Putting these experiments in an historical context is interesting for other reasons.
The Wonders of the Invisible World:
The misguided at Salem’s Witch Trials missed the mark. Real magic occurs at the subatomic level. It is a realm where forces which would otherwise remain invisible are made manifest through intensive research, theory, and experimentation.
Every technology which we interact with has beginnings which are no less inspiring now than when they were first discovered.
Without these discoveries, Duracell batteries (cells), copper wire, and magnets would not be the common objects which they are today, as well as the foundations of still developing machines which are fundamental to the world which we inhabit.
Three simple items and you can repeat one of Michael Faraday’s discoveries!
Bend a point into the wire. This is where the wire will sit.
Power source. I whacked the top with a blunt nail. Your experience may vary…
Economic success is traditionally measured by positive increases in growth. The United States economy isn’t any different. Economists report on the numbers of new jobs, sales of durable goods, auto sales, houses built and sold, and more. All of these economic signifiers are reported in percentages. The higher the value of these positive percentages, the better things look.
The Washington-based forecast for 2015 is a “sustainable” economic growth rate of the United States economy between 2.4% and 3% per cent per year. A rate of 3% means that our economy will double in twenty-four years. This certainly sounds good, but as Faust would have you know, there is a price tag for everything.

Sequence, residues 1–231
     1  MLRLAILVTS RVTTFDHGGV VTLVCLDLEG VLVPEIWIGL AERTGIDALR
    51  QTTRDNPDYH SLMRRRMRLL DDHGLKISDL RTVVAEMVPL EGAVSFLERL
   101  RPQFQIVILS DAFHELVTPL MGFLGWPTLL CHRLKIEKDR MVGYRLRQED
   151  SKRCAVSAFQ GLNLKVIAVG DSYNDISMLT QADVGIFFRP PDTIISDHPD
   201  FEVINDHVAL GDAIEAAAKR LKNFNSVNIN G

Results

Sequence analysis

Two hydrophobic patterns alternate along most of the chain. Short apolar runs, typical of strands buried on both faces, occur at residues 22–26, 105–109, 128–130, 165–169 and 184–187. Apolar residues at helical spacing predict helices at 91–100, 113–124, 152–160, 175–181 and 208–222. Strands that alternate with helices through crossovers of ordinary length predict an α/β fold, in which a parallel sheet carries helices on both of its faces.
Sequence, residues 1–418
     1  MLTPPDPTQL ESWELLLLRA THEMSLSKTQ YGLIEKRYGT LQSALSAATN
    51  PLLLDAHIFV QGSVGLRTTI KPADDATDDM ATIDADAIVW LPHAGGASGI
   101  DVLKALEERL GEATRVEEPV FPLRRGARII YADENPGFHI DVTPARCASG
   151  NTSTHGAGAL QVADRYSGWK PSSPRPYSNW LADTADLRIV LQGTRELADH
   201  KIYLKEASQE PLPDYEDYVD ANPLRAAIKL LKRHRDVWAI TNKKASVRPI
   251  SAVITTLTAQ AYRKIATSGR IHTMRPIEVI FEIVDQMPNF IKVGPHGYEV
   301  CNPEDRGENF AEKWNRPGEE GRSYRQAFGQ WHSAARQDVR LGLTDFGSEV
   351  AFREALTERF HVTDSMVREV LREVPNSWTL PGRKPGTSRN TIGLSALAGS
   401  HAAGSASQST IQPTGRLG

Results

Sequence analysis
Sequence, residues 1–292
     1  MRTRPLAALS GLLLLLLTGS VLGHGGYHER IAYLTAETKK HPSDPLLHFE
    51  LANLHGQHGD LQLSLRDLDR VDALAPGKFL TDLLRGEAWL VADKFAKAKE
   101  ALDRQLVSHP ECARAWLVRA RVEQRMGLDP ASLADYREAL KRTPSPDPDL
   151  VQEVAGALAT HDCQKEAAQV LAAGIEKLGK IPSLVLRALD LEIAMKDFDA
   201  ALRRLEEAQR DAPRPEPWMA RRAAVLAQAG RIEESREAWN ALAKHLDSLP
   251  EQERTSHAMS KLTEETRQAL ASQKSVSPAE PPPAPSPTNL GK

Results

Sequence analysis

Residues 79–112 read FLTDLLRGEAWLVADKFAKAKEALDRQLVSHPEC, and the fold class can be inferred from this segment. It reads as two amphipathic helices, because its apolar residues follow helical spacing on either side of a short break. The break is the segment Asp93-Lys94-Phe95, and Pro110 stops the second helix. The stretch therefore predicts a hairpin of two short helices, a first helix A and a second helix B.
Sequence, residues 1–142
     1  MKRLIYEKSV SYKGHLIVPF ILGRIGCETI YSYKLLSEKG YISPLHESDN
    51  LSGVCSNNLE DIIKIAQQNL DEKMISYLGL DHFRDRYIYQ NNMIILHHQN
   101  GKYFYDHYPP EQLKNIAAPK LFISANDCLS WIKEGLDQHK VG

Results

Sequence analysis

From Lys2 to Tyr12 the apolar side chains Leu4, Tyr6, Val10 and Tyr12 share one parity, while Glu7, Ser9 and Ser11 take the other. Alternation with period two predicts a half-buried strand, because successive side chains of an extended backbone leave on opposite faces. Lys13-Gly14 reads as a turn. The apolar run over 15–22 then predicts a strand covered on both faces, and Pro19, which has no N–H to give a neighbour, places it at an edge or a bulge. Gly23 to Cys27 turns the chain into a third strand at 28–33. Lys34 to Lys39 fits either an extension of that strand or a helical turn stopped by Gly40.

If the phrase “sustainable growth” has always sounded like slick, political double-speak, Physics Professor Albert Bartlett’s lecture will confirm that your reptile brain’s survival response continues to work correctly.
According to a Wikipedia entry, Professor Albert Allen Bartlett gave the lecture “Arithmetic, Population, and Energy” 1,742 times.
In this lecture Professor Bartlett examines the simple arithmetic of steady growth, continued over modest periods of time, within a finite environment. The concept is applied to populations as well as to fossil fuel.
“Can you think of any problem in any area of human endeavor on any scale, from microscopic to global,
whose long-term solution is in any demonstrable way aided, assisted, or advanced by further increases in population, locally, nationally, or globally?”
– Prof. Albert Bartlett
Populations effect an impact on environments and resources. Unchecked population growth amplifies these effects. On a cellular level, unchecked continuous growth(cancer) will destroy the host organism. The corollary here is that unrestricted influxes of people into any location will effect change upon the environment and resources.
Gaylord Nelson, originator of Earth Day, had this to say about human populations and the environment:
“The link between population growth and environmental degradation is made often in retrospective studies, which is why they aren’t really considered valid, but clearly more people living better lives is the hallmark of progress. Activists worried about the environment don’t want better lives unless it means fewer lives too. More people means more cars, trucks and buses, more air pollution, more parking lots and less green spaces. In their progressive dystopian future, there are more chemicals, more trash and more runoff cascading down super sewers into our streams, lakes and oceans means more damage to California’s biodiversity hot spots. Plus, more people means more pressure on declining water supplies.“3